In various African nations, a number of demographic and economic shifts have occurred in recent years, resulting in a burgeoning business landscape. Startups have and will continue to play a prominent role in this process, according to market analysts.
VC4Africa published a report showing that the majority of startups have had success in generating revenue, and another large percentage have secured external investments in their products and services. More specifically, those businesses that have gained the most ground are in the technology field.
The young population in Africa—almost three-quarters of which are younger than 30—has influenced this trend, at least in part. Entrepreneurs have demonstrated an increasing ability to identify and fill gaps in the market based on consumer demand. Business owners in South Africa, Nigeria, and Kenya raised a combined $150 million in investment funding in 2015 alone.
Entrepreneurs in South Africa led the way in securing $54 million in investments by building investor confidence. Nigeria and Kenya, which raised $49 million and $47 million, respectively, stand out for their advancements as leading nations for technology. In fact, South Africa, Nigeria, and Kenya have been compared to some of the most thriving markets in the world. Following is an overview of each city.
Cape Town, South Africa – The Silicon Cape
Securing venture capital support and angel funding has proven difficult for many nations on the African continent. Thus, the track record for obtaining funding is one of the greatest strengths of entrepreneurs and startup owners in Cape Town. Local business executives point out that funding numbers could increase even further with the introduction of strategic tax breaks.
Alongside the funding prowess of startups in South Africa, the availability of resources—particularly with regard to IT infrastructure—has greatly contributed to the high standing of Cape Town. In 2011, the city boosted its bandwidth by roughly 1,000 times. Combined with other cost-saving innovations, this move encouraged exponential business growth in the area.
The local university system also attracts its share of investors to the area. For example, Samsung backs a tech laboratory at the University of Cape Town, where staff, students, and researchers develop mobile applications. Another example is Naspers funding a full-scale media service development lab at Stellenbosch University.
Finally, one of the biggest elements in the success of Cape Town, and the push for referring to it as the “Silicon Cape,” stems from community support. Local nonprofits, such as the Silicon Cape Initiative, have formed to promote the economic growth of the city by developing an international business network and attracting new talent to the region.
Lagos, Nigeria – The Silicon Lagoon
Lagos, which is situated right on the coast of the Gulf of Guinea, is a large urban city that has grown significantly in the last few decades. Estimates place the population at somewhere around 21 million, up from 1.4 million in 1970. Some believe that Lagos is contending with Cairo for the honor of the most populous city in Africa.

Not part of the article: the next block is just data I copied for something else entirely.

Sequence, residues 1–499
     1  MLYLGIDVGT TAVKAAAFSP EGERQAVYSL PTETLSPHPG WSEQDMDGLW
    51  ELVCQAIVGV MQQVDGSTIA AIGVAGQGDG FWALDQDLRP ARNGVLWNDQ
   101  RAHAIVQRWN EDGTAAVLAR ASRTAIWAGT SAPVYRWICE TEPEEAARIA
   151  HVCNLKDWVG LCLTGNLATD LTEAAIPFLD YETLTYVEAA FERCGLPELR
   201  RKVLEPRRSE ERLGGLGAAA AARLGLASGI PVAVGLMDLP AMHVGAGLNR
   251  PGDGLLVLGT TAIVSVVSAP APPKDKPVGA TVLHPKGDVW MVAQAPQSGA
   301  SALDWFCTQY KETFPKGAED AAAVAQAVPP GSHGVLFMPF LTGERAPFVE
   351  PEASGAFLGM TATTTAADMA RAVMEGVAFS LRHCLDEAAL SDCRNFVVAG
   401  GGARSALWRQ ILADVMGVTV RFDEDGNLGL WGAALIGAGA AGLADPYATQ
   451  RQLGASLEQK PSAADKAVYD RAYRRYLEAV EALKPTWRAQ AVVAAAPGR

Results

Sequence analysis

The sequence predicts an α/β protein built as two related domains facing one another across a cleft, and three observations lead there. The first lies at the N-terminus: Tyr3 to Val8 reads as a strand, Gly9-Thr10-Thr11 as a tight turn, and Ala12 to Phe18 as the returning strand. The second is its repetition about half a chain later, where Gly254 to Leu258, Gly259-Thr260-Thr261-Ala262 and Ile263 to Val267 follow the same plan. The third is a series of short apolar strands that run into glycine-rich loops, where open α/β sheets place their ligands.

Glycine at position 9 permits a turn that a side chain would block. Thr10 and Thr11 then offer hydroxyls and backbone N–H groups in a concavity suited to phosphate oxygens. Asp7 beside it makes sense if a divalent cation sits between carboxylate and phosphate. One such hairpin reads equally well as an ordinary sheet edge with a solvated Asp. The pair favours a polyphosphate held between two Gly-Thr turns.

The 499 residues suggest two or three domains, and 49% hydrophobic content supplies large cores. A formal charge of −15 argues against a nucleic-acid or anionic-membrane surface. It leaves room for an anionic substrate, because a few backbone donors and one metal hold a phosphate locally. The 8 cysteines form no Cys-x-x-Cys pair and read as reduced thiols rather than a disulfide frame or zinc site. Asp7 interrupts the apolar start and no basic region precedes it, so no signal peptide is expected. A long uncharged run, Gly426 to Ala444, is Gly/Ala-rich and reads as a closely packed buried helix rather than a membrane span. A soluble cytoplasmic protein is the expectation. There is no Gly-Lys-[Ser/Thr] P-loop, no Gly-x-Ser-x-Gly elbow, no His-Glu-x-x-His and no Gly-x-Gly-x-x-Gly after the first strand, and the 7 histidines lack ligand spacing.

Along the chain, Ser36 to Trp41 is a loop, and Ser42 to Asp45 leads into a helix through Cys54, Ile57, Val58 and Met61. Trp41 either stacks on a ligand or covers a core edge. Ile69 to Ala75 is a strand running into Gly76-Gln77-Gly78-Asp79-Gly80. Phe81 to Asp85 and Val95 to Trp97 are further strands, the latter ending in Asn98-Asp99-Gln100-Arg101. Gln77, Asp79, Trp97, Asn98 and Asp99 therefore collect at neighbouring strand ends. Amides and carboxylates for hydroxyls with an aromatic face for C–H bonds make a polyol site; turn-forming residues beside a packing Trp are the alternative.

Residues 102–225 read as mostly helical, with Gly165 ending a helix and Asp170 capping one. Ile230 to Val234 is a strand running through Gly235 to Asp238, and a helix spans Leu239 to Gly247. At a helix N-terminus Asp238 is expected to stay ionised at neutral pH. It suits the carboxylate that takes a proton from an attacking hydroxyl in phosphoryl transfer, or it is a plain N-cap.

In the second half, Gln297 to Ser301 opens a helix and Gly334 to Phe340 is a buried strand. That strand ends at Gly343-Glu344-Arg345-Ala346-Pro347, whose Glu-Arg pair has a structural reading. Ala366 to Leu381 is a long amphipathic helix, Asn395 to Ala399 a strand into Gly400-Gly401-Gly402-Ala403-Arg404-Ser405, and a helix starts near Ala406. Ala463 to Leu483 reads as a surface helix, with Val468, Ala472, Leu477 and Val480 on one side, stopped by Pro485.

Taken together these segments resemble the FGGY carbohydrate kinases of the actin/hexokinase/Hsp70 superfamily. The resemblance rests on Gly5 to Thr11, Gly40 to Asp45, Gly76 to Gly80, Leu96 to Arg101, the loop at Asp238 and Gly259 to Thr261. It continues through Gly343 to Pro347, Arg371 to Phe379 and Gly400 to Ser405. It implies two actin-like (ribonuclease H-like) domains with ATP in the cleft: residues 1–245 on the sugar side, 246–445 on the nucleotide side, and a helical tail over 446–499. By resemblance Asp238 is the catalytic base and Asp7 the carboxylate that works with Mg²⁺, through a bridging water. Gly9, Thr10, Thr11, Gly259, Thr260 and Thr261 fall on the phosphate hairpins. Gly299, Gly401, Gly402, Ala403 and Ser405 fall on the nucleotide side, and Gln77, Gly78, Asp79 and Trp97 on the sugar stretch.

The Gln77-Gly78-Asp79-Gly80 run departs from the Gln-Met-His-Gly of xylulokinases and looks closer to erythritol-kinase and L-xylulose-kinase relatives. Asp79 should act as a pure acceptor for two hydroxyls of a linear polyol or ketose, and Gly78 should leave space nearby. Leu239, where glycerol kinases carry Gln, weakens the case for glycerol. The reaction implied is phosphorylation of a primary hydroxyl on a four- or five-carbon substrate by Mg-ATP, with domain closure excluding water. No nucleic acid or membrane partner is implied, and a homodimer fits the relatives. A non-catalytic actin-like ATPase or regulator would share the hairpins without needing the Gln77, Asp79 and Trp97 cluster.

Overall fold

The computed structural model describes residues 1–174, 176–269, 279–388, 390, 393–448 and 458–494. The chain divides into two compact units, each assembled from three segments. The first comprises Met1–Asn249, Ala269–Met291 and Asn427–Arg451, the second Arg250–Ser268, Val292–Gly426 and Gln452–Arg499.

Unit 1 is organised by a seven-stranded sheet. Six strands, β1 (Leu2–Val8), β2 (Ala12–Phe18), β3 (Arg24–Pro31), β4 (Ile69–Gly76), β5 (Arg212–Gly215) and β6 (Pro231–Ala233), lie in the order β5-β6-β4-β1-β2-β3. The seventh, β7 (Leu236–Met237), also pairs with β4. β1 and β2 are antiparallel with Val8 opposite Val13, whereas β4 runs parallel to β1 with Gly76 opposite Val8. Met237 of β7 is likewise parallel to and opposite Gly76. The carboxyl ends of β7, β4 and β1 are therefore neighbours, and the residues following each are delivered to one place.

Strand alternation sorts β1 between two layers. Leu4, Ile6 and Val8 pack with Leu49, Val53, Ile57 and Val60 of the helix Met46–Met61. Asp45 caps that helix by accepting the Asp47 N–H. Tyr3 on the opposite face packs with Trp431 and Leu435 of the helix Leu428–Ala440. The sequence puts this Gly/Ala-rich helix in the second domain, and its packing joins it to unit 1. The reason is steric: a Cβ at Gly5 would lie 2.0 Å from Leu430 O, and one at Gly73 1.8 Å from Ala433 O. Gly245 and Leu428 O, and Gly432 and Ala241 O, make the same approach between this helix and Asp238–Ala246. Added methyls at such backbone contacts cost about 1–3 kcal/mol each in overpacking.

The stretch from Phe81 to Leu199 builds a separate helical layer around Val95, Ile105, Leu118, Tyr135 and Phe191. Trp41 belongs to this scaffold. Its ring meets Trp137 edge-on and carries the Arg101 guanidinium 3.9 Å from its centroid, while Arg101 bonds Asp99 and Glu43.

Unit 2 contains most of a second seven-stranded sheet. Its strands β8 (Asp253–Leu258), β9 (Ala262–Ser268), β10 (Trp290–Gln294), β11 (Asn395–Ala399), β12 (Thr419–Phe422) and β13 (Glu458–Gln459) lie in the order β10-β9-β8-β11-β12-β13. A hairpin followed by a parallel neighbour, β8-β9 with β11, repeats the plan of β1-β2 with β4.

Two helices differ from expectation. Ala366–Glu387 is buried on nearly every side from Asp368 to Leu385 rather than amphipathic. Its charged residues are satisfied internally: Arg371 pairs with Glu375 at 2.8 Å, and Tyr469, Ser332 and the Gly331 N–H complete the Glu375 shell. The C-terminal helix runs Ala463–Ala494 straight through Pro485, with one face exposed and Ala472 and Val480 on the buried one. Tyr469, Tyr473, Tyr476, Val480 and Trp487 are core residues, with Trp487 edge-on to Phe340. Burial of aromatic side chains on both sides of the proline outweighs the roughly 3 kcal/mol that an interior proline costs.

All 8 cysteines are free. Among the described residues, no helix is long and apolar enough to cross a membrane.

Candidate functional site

The size of Lagos and the opportunity that it represents for scaling a business model is one of the most appealing factors for entrepreneurs in Nigeria and internationally. In addition, the size of Lagos’ GDP—which is larger than the entire economy of Ghana—has attracted some of the best minds in business.
Close proximity to two local universities has also generated interest in launching new business ventures in Lagos. Yaba College of Technology, the University of Lagos, and The Federal Science and Technical College each produce a lot of talent, and the local environment encourages many of these individuals to remain and start their careers.
Within the growing business scene, the Yaba district has evolved into what some have referred to as “Yabacon Valley,” and Lagos has more broadly received the title “Silicon Lagoon.” Such comparisons with Silicon Valley have drawn a lot of attention from venture capitalists to the Nigerian coast.
Nairobi, Kenya – The Silicon Savannah
Much of the tech development that has surfaced in Africa over the course of the last 10 years has come out of Kenya. The introduction of mobile money and a model for tech incubation, coupled with global crowdsourcing and government support, have strengthened the industry in Kenya. A growing population and consistently improving GDP have also been contributing factors.
Information and communication technology (ICT) is projected to constitute as much as 8 percent of Kenya’s GDP by 2017. Within that economy, Nairobi, the nation’s capital, is a leading player, attracting startups and international tech giants (such as Google, Microsoft, and IBM) alike.
Part of what is driving this exploding market is the prospect of improving the nation’s economy. Some entrepreneurs are currently focused on developing technology that is capable of reducing cyber security concerns, while others hope to develop a new mobile voting platform to help with future elections. In addition, the highly anticipated 5G technology is expected to revolutionize communication and business in Kenya and throughout Africa.